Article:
Despite ongoing reform efforts, including many outlined in the HIPPO report (High-Level Independent Panel on Peace Operations), our recent research from several countries across Africa (DRC, CAR, Mali, and South Sudan) finds that peacekeepers are primarily reactive, rarely proactive, and are often unable to implement important community engagement strategies to help local communities increase their own self-protection. Deeper community engagement by peacekeepers will be key to understanding and finding ways of strengthening micro-level protection strategies. Further thought must also be given to troop deployment as well, shifting away from large static bases to more highly skilled, technical, agile and rapidly responding forces, particularly in places such as Mali and the DRC. The Secretary General and DPKO have begun to recognize these challenges and promised needed reforms.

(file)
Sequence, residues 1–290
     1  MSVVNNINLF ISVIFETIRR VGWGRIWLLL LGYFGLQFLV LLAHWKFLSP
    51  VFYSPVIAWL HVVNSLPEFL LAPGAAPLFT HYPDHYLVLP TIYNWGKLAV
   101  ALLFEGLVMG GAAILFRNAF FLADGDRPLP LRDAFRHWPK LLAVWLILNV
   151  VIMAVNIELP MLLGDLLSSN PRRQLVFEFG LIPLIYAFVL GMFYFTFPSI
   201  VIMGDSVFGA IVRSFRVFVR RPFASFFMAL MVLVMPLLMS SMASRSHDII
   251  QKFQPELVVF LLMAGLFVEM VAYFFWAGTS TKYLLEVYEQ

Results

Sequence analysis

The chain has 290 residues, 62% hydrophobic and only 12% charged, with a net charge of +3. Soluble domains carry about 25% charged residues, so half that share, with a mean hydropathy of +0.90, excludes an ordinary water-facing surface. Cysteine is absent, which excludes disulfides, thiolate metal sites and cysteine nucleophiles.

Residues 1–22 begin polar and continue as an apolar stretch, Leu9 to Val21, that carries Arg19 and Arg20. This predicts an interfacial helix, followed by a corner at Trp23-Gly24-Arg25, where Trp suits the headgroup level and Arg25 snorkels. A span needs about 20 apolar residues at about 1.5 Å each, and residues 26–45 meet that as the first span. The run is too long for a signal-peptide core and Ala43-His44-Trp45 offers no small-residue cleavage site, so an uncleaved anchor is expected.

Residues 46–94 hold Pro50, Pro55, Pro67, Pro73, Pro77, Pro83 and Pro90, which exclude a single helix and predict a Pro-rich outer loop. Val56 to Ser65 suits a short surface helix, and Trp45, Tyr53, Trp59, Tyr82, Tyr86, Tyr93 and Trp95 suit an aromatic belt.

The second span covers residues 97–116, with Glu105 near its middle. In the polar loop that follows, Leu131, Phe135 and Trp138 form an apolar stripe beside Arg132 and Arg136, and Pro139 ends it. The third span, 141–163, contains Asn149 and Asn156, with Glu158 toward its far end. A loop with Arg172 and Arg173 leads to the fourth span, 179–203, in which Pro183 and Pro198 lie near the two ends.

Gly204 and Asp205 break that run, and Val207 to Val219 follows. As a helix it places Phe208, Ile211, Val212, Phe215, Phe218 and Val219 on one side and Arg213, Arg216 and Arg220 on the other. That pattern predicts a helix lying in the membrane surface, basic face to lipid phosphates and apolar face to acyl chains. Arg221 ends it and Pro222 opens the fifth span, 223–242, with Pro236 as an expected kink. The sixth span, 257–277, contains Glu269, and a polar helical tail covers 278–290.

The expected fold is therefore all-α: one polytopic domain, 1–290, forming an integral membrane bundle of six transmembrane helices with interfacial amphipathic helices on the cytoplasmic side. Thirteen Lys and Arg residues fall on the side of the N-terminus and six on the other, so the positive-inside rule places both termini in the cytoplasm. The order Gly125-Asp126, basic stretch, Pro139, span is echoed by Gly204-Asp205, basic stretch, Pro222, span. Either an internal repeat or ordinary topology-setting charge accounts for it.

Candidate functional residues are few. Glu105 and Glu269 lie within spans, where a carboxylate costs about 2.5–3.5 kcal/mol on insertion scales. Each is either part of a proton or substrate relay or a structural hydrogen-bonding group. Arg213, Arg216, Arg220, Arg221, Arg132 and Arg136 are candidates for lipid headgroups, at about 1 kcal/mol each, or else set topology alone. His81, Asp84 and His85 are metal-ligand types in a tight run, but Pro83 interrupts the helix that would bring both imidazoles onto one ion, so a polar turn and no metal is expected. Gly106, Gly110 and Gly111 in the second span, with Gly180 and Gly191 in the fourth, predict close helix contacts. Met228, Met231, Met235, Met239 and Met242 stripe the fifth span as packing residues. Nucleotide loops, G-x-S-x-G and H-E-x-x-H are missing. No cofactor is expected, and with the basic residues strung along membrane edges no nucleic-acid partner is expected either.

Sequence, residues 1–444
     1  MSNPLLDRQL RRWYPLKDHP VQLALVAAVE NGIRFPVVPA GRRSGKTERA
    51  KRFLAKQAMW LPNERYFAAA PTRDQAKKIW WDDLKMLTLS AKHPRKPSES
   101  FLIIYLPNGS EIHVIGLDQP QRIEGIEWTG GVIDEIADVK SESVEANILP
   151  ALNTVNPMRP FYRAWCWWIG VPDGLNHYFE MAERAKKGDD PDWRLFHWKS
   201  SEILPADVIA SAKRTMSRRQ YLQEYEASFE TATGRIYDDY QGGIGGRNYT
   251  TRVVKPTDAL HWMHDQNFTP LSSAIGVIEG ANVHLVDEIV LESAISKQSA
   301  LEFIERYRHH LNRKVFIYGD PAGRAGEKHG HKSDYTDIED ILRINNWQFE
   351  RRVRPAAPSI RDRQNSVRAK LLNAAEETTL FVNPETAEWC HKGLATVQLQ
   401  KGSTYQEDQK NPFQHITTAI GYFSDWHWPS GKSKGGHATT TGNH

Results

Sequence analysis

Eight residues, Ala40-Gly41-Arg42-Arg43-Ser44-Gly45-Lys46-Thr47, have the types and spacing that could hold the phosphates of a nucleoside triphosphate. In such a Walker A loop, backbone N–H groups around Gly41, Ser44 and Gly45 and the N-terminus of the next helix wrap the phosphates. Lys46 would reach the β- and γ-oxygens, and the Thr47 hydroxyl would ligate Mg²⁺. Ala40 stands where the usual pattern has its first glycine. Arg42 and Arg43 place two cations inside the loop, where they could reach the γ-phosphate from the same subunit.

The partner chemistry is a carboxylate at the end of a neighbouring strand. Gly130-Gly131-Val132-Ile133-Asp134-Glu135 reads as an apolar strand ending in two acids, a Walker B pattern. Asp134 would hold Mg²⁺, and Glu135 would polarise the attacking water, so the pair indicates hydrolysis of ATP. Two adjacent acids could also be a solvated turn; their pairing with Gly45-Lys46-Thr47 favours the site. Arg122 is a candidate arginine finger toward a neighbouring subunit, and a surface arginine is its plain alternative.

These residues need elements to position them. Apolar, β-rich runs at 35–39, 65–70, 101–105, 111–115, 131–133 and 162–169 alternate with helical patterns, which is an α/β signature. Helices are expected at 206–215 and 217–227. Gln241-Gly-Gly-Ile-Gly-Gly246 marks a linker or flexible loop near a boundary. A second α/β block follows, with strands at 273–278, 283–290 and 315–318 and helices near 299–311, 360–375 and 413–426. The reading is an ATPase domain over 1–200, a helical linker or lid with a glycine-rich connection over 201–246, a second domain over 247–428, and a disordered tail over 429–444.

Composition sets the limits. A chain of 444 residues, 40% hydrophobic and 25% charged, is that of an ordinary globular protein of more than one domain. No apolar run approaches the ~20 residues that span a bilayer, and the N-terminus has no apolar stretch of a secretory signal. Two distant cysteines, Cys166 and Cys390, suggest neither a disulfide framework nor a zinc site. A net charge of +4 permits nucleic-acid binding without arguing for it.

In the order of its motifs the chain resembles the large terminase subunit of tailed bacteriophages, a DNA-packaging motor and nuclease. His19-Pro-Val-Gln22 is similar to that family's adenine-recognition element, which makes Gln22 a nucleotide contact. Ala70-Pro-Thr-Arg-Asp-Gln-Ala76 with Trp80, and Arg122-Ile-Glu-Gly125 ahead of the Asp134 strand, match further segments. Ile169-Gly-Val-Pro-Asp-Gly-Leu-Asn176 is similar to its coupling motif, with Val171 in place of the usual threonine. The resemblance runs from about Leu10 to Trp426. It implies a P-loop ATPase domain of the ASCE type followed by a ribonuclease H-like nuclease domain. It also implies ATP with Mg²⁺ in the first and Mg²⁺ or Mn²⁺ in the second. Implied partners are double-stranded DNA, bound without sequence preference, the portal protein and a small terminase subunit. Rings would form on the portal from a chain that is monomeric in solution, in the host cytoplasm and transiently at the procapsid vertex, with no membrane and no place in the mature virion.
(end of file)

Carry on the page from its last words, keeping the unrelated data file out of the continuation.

3. Question: How does the pursuit of protection of civilians by peacekeepers influence the tactical and strategic aims of warring parties, and their actual conduct of hostilities?
Obviously warring parties don’t all have the same goals and these goals often evolve throughout the life of a conflict. In theory, the pursuit of POC by peacekeepers should influence the state party to the conflict to better abide by its legal obligations, to protect civilians, and act as a deterrent between warring parties. But when we look at contexts like South Sudan and DRC, we see that parties to a conflict continue to commit abuses despite the UN’s presence.